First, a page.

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Immigration and Males' Earnings Inequality in the Regions of the United States

Deborah Reed
Demography
Vol. 38, No. 3 (Aug., 2001), pp. 363-373
Published by: Springer on behalf of the Population Association of America
Stable URL: http://www.jstor.org/stable/3088352
Page Count: 11
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Immigration and Males' Earnings Inequality in the Regions of the United States
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Abstract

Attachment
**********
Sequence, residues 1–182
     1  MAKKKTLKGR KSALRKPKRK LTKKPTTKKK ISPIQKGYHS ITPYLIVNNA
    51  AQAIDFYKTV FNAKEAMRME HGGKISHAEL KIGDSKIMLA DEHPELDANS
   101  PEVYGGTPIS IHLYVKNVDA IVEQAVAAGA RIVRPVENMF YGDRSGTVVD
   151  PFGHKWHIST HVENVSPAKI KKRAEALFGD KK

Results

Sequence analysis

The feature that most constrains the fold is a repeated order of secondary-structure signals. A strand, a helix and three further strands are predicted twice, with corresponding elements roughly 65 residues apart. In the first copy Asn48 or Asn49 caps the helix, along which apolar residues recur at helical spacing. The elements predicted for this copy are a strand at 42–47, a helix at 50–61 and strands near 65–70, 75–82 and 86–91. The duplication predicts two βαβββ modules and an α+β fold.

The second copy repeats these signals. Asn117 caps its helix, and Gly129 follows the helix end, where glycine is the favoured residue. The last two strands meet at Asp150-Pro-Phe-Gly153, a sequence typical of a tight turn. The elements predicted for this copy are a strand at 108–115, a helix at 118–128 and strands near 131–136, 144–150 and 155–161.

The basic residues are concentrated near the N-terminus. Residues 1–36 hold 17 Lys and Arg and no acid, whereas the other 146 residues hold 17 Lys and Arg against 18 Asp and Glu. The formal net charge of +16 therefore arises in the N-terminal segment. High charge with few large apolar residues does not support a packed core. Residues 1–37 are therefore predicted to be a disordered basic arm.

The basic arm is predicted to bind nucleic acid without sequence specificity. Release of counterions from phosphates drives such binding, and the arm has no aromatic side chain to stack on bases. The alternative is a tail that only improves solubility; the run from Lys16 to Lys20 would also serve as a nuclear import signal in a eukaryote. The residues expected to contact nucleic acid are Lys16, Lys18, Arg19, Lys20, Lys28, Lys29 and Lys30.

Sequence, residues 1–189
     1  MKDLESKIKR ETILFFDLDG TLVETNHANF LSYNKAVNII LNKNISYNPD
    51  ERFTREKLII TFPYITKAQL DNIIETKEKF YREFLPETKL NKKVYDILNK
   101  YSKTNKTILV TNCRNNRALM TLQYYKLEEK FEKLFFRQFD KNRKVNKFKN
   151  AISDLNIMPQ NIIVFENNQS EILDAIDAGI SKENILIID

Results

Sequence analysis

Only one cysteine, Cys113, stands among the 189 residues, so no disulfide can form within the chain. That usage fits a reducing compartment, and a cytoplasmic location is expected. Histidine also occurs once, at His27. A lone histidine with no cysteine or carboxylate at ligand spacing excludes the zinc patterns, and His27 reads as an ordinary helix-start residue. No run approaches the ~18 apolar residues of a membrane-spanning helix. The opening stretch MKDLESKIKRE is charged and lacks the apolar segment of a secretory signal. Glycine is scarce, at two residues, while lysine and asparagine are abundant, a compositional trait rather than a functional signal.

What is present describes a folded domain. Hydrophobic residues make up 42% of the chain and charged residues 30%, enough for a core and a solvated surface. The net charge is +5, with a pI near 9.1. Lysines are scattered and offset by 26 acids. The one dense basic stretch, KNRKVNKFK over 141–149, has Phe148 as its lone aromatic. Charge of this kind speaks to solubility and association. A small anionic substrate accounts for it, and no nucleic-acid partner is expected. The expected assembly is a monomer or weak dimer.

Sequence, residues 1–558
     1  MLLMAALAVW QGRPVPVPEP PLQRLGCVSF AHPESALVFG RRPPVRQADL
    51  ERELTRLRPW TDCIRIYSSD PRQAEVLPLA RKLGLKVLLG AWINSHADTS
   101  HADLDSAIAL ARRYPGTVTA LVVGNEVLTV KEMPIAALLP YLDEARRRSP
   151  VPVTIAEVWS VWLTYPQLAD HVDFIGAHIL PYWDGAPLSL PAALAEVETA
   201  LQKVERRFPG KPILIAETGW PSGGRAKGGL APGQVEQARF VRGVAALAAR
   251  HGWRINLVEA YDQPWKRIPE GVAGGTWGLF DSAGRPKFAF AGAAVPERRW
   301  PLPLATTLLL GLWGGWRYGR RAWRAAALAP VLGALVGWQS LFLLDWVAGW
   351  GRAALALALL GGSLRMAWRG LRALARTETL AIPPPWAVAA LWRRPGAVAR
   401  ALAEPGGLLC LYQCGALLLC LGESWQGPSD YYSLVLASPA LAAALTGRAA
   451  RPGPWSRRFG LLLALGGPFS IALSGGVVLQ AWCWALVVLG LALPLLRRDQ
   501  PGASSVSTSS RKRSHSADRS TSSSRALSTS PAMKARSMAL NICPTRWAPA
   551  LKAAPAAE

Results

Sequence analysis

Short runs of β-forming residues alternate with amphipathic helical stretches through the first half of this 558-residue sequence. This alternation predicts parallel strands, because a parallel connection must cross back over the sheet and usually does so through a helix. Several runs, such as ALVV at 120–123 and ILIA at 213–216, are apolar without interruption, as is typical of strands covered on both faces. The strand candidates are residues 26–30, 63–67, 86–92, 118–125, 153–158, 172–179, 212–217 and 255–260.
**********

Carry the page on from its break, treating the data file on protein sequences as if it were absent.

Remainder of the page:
In this paper I investigate the impact of recent immigration on males' earnings distributions in the major regions of the United States. I use six counterfactual scenarios to describe alternative regional skill distributions and wage structures for the population of natives and long-term immigrants in the absence of recent immigration. I find that immigration over the last three decades can account for a substantial portion of the variation in inequality across the regions. Recent immigration has contributed moderately to national growth in males' earnings inequality, primarily by changing the composition of the population.

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